Collection Description

Culture Name

Belau

Culture Description

The Belau archipelago in the western Pacific Ocean was settled about 2,000 years ago by Austronesian language speakers (the language today is Belauan or Palauan). Now most Belauans also speak Japanese and/or English as the island was subjected to successive control by foreign powers including Spain (1885-1899), Germany (1899-1914), Japan (1914-1944) and a UN mandated Trust Administration by the United States (1947-1981). Traditional subsistence depended on fishing and the cultivation of taro. Income from government employment and immigration to the United States has become important in recent years.

Note

Select the Culture Summary link above for a longer description of the culture.

Region

Oceania --Micronesia

Countries

Palau

OWC Code

OR15

Number of Documents

27

Note: Select the Collection Documents tab above to browse documents.

Number of Pages

2849

Collection Overview

Documents referred to in this section are included in eHRAF World Cultures and are referenced by author, date of publication and eHRAF document number.

The Belauans (OR15) collection covers a wide range of ethnographic information collected in 1940s to 1990s.

The oldest available ethnographic information on Belauan culture and society in the collection was compiled by Augustin Krämer, a German ethnographer who visited Belau and neighboring islands in the early 1880s. Originally published in German in 1900, this document provides important information relating to traditional history, status and role of chiefs, kinship stem, family life, gender and sexuality, property inheritance, and crime and social control. The best general introduction to Belauan culture and society in the collection are the works of anthropologist H. G. Barnett (Barnett 1949, no. 4; 1963, no. 3). Together, these works describe several themes, including child care and development, women’s status, economic activities, reciprocity and other forms of exchange, marriage and family relations, social personality, religion and recreation, as observed in the late 1940s (Barnett 1949, no. 4; 1963, no. 3).

R. W. Force further enriched the information from 1940s with two books published based on fieldwork undertaken in 1954-1971. One of these books focuses on leadership and culture change (Force 1960, no. 13). The other describes and analysis Belauan kinship (Force 1972, no. 14).

The remaining documents in the collection provide in-depth analysis of other themes. Smith focuses on changes in Belauan social structure as observed in 1970-1983 (Smith 1983, no.1). Parmentier discusses a variety of themes relating to history and political economy including dynamics of political life (Parmentier 1987, no. 2), traditional history and inter-village relations (Parmentier 1986, no. 22), and money and the morality of exchange (Parmentier 2002, no. 20; 1988, no. 21). Nero focuses on social change at the family and community levels. Topics covered in her works include the impacts of war on family ties and shared cultural ideals (Nero 1989, no. 23), the ways traditional stories and mythologies are used in contemporary political life (Nero 1992, no. 25), and the rise of alcohol drinking and domestic violence (Nero 1990, no. 24). Ysaol, Chilton and Cllaghan describe contemporary practices associated with the Belauan money-raising custom of ocheraol, an institution for mutual help by which a person asks relatives and in-laws to contribute money often to be used for constructing house or purchasing other key assets (Ysaol, Chilton and Cllaghan 1996, no. 19).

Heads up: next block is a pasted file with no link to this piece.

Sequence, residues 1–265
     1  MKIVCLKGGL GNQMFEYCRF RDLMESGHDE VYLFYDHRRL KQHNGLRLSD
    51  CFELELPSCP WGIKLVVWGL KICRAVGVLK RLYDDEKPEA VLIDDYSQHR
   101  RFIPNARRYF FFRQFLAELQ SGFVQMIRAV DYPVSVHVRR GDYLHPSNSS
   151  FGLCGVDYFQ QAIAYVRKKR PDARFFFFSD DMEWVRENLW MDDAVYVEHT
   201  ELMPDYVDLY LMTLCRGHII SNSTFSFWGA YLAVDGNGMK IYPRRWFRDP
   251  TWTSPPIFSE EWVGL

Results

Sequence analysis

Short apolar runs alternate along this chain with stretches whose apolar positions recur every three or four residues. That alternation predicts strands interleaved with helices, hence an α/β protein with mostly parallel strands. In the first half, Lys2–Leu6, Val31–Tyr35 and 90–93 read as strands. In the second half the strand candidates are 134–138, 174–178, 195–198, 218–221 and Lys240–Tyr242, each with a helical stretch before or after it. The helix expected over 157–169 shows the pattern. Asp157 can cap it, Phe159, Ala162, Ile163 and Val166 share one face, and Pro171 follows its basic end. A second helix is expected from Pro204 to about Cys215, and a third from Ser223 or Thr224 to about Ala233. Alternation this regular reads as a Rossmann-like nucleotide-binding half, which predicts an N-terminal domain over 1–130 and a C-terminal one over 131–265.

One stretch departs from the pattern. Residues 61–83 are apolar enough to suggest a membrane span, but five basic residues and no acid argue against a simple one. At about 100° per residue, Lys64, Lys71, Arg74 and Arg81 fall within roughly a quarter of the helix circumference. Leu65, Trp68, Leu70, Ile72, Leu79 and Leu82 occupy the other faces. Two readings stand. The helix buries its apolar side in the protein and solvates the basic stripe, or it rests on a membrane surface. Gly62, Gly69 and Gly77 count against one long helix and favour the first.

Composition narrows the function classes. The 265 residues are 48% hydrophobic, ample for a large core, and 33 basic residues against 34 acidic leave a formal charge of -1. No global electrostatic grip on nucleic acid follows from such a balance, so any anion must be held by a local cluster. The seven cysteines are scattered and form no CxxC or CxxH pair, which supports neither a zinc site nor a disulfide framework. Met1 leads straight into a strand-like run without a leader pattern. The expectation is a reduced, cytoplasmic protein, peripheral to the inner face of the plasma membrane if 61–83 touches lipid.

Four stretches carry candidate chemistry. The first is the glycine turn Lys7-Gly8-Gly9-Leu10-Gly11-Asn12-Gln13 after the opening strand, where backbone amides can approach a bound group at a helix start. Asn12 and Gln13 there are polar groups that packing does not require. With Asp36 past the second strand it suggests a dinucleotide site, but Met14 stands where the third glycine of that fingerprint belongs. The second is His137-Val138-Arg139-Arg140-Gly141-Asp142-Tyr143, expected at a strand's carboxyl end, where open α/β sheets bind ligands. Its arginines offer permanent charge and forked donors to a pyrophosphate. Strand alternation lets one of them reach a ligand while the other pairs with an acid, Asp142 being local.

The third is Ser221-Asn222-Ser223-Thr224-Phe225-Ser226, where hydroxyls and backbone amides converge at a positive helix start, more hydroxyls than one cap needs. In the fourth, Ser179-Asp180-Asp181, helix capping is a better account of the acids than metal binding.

Finally, Shuster reviews the effects of the Compact of Free Association agreement between the United States and Belau which has been a major divisive issue among Belauan politicians since the early 1970s (Shuster 1994, no.26).

For more detailed information on the context of the individual works in the file, see the abstracts in the citations preceding each document. See also the Woleai Region Collection (OR21), and the Marshallese Collection (OR11).

Overview by

Teferi Adem

Bai –men’s club house– Use PUBLIC STRUCTURES ( 344)

Bladek –ancestral spirit– Use CULT OF THE DEAD ( 769)

Blai –house– Use LINEAGES ( 613) with COMMUNITY STRUCTURE ( 621) and HOUSEHOLD ( 592)

Bus –marriage valuable paid by the husband’s side to the wife’s side– Use MODE OF MARRIAGE ( 583) with NUPTIALS ( 585)

Dui –chiefly title (rank)– Use STATUS, ROLE, AND PRESTIGE ( 554) with COMMUNITY HEADS ( 622)

Klobak –village council– Use COUNCILS ( 623)

Korong –shaman or person possessed by spirits– Use REVELATION AND DIVINATION ( 787) with SPIRITS AND GODS ( 776)

Merak –wealthy person– Use ACCUMULATION OF WEALTH ( 556) with STATUS, ROLE, AND PRESTIGE ( 554)

Ochell –matrilineage– Use LINEAGES ( 613)

Ocheraol –raising money from relatives for covering costs of home building or purchasing other assets– Use MUTUAL AID ( 476) with KIN RELATIONSHIPS ( 602)

Ongalek –residential family– Use NUCLEAR FAMILY ( 594)

Ruk –inter-district dance festival– Use DANCE ( 535) with REST DAYS AND HOLIDAYS ( 527)

Telungalek –land holding group– Use LINEAGES ( 613) with REAL PROPERTY ( 423)

Udoud –local currency– Use MEDIUM OF EXCHANGE ( 436)

Ulechell –patrilineage– Use LINEAGES ( 613)

Indexing Notes by

Teferi Adem

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